Re­mem­ber­ing Sen. Specter

The Ambler Gazette - - OPINION -

Arlen Specter, who died this past week­end, has been cred­ited above all with be­ing one thingW a sur­vivorK He was the per­fect Dar­winian adap­tor to the cul­ture of Wash­ing­ton, DKCK, and the times he lived inK More than that, he sur­vived health is­sues (can­cer, brain tu­mors, etcK) to which lesser men would have more meekly sur­ren­deredK

But Specter was so much more than a mere sur­vivor, be­cause he sur­vived to do im­por­tant things, not the least of which was be­ing a clar­ion call for a less par­ti­san, less poi­soned en­vi­ron­ment that still val­ued com­pro­mise over dead­lockK

For our money his most laud­able ac­com­plish­ment was his con­stant pur­suit of more fed­eral money for med­i­cal re­searchK

When he be­came Penn­syl­va­nia’s ju­nior se­na­tor in 1981, the an­nual bud­get for the ka­tional In­sti­tutes of Health was A3 bil­lionK By the time of his re­tire­ment (at the hands of DHOFR DHPRFUDWLF uSsWDUW -RH 6HsWDN) Ln 2010, WKDW fiJuUH had in­creased 10-foldK To­day, kIH’s bud­get is just over A30 bil­lionK

With the coun­try go­ing broke, it is hardly a good time to brag about fed­eral spend­ing on any­thingK But is it hard to think of a much bet­ter way to in­vest tax dol­lars than Ln finGLnJ FuUHs IRU WKH sLFN DnG wDys WR NHHS $PHULFD health­ierK

Specter started his po­lit­i­cal ca­reer as a Demo­crat and ended on the same side of the aisleK In be­tween he was a Repub­li­can who com­manded the at­ten­tion of both sides for his will­ing­ness to buck his own party to do what he thought was in the na­tion’s in­ter­est, not to men­tion his ownK

He was best known for four thingsW His sin­gle bul­let the­ory in the gFK as­sas­si­na­tion; his “bork­ing” of Supreme Court nom­i­nee Robert Bork; his grilling of Anita Hill in the &ODUHnFH 7KRPDs FRn­fiUPDWLRn KHDULnJs; DnG KLs FLWLnJ RI Scot­tish law for his non-vote in the im­peach­ment trial of Wil­liam gef­fer­son Clin­tonK

These ac­tions came decades apart, but all of them re­vealed a man who was icon­o­clas­tic, cere­bral and braveK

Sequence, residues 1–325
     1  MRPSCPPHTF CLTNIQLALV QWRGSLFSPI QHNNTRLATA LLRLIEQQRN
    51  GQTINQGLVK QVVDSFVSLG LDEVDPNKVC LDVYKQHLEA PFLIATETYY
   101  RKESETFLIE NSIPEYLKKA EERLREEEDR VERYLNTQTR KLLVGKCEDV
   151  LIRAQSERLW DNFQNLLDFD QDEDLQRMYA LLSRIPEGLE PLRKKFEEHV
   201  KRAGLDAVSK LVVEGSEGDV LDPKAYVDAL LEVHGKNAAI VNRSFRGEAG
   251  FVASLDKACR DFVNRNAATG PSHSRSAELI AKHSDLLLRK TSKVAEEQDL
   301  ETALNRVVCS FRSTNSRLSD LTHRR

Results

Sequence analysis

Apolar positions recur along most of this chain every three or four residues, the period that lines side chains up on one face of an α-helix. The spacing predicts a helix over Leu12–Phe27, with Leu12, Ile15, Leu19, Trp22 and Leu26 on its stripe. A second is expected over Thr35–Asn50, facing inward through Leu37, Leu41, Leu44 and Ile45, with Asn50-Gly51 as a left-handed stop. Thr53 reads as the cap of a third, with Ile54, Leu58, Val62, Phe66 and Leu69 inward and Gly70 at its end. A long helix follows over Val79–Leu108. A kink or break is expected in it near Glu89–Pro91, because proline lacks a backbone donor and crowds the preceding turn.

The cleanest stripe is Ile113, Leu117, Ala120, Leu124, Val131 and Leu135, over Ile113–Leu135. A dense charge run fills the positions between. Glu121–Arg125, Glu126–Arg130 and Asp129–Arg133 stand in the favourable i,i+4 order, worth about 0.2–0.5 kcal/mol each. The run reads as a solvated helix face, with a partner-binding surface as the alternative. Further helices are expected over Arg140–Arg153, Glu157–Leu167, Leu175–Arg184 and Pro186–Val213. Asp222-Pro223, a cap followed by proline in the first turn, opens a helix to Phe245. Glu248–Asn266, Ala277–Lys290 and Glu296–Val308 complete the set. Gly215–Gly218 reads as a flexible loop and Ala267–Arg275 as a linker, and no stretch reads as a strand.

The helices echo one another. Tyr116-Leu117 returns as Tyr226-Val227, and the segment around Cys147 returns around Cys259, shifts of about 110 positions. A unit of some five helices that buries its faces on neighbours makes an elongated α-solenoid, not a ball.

Some would dis­agreeK There were many who saw Specter’s ac­tions mostly as at­ten­tion-get­ting po­lit­i­cal cal­cu­la­tionsK They saw a man who al­ways had his eye on the next elec­tion and made sure he was prop­erly po­si­tioned to win itK

Late in his ca­reer (2004), he had a very close call against a GOP in­sur­gent named Pat ToomeyK He sur­vived itK But Toomey came back to haunt him six years lat­erK To avoid an­other tough pri­mary against Toomey, Specter jumped parWLHs. HH wDs unOuFNy HnRuJK WR finG DnRWKHU DPELWLRus RI­fiFH sHHNHU wDLWLnJ IRU KLP Ln WKH DHPRFUDWLF SULPDUy.

Af­ter los­ing to goe Ses­tak (who went on to lose to Pat Toomey) Specter took up the hobby of per­form­ing as a stand-up comedian

He was no gerry Se­in­feld but he ob­vi­ously en­joyed him­self on stage and so did his au­di­encesK And un­like the fa­mous politi­cians who ap­pear at the an­nual Correspondents Din­ner in Wash­ing­ton ev­ery year, Specter wrote his own jokesK

(Our fa­voriteW “I called Clin­ton up on his S5th birthday and said, ‘Bill, con­grat­u­la­tions on be­ing S5K How do you feel?’ He said, ‘Oh, I feel like a teenager, the prob­lem is I FDn’W finG RnH.’”)

He was the con­sum­mate po­lit­i­cal pro; a crea­ture of the Belt­way who never lost his Kansas drawlK Or his sense of hu­morK He was an Amer­i­can and po­lit­i­cal orig­i­nalK Dead at 82K He has gone, we’re sure, to a less con­tentious and more peace­ful placeK

By Kathy Disque

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